“Hopefully we can continue to play with Virginia in the future [as nonconference foes] because, in my view, it’s the best rivalry in college soccer,” Maryland Coach Sasho Cirovski said.
The programs have combined for eight of the past 24 NCAA titles and seven of the past 11 ACC championships. They have engaged the local soccer community with entertaining and successful soccer and have prepped a wealth of players for the pro level, from MLS to the Premier League.
“We’ll definitely look at it in the future,” Cavaliers Coach George Gelnovatch said of resuming the rivalry. “We’ll miss them, no question.”
Both coaches are aiming for 2015.
If this was their last game for a while, it was a fun way to go out. The six goals were the most in the series since 1994.
The fifth-ranked Terrapins (5-2-5, 4-0-3) scored in the second minute. The No. 23 Cavaliers (6-3-3, 2-2-3) answered in the third and went ahead in the fifth. Maryland’s Patrick Mullins converted two penalty kicks in a 91-second span. Virginia countered again.
“It was chaos,” said Virginia midfielder Eric Bird, whose team had conceded one goal in the previous five matches.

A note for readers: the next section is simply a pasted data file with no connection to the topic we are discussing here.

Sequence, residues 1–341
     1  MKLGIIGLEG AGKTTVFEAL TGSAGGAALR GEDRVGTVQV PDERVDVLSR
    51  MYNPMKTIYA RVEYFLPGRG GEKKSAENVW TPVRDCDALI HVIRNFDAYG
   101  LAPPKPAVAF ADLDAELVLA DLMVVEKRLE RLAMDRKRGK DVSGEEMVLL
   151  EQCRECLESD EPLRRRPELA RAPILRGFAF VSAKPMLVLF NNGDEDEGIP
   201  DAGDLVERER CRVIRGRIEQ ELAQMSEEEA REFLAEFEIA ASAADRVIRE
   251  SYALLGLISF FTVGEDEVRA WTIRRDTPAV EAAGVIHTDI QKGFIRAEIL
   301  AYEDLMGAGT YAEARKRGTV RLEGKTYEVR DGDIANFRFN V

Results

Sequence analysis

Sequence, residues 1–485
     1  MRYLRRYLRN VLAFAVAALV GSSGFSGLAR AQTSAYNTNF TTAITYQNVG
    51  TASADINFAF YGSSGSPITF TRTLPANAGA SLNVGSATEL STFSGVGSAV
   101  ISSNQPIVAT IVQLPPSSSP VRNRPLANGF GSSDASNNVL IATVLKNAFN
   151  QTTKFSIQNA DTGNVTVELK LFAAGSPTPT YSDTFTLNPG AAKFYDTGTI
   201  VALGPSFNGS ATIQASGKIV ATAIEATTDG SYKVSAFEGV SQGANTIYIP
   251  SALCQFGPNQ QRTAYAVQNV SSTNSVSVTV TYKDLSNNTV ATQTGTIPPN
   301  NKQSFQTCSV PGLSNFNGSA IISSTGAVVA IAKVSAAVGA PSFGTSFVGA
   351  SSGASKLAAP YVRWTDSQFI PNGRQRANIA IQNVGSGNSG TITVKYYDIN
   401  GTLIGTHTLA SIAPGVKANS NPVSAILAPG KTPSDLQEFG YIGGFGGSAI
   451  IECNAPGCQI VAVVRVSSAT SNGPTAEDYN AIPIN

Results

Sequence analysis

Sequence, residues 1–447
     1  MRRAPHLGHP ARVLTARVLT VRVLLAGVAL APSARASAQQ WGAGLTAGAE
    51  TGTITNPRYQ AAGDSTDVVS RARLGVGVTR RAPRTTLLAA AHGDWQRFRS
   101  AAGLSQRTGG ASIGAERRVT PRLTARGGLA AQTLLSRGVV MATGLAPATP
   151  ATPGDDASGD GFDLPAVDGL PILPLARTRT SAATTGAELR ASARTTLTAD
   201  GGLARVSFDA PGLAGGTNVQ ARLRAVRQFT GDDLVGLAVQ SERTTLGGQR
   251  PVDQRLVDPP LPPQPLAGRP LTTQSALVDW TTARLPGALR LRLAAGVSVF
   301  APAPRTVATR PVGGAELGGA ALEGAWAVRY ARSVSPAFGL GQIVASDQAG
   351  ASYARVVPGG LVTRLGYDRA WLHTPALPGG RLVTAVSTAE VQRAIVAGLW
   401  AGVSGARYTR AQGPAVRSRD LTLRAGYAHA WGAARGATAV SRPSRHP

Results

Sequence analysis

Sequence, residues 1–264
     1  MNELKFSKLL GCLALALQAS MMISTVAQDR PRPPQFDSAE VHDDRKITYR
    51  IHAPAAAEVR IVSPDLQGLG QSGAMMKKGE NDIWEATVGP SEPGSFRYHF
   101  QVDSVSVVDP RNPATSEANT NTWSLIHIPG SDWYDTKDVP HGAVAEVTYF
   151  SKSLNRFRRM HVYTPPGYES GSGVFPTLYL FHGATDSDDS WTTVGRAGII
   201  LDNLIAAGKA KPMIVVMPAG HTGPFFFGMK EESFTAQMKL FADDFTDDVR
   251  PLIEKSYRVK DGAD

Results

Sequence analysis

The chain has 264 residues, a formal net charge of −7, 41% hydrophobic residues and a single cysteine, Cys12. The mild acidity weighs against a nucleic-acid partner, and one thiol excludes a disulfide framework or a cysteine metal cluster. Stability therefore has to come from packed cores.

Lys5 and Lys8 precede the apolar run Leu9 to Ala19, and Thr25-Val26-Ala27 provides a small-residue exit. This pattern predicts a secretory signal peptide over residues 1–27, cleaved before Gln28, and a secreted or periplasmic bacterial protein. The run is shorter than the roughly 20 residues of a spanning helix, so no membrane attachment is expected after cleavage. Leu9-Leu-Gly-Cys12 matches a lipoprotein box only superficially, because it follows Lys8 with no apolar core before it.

“Both teams came out and attacked and made things happen,” said Cirovski, who pulled his two central defenders in the first half. “Great, entertaining first half for the fans, a little nuts for the coaches.”
Maryland went ahead after 71 seconds when Tsubasa Endoh nodded in Mullins’s end-line cross. Todd Wharton met a cleared free kick and struck from 20 yards for Virginia.
2 minutes later, Virginia’s Marcus Salandy-Defour (Georgetown Prep) accelerated past two defenders and finished with a rising eight-yarder to the far side.
Mullins, the 2012 Hermann Trophy winner, equalized with an 18th-minute penalty kick after Michael Sauers drew a foul surging into the box. Two minutes passed before Mullins was upended on the end line and converted another penalty for his eighth goal of the year and 25th in 31
Virginia struck in the 27th minute. On Patrick Foss’s free kick, Maryland goalkeeper Zack Steffen anticipated a touch in the box. There was none. He remained rooted, and the ball bounded into the far corner.
The second half was tight, feisty and disciplined. The purest opportunity didn’t come until the 87th minute when Virginia’s Jeff Gal thwarted Sunny Jane’s bid deep in the box. In overtime, Steffen stuffed Nicko Corriveau’s angled effort.
“It was refreshing with two teams going after each other,” Gelnovatch said. “Not the best defensive performance, but in the second half, things settled down and we both started playing a little more soccer.”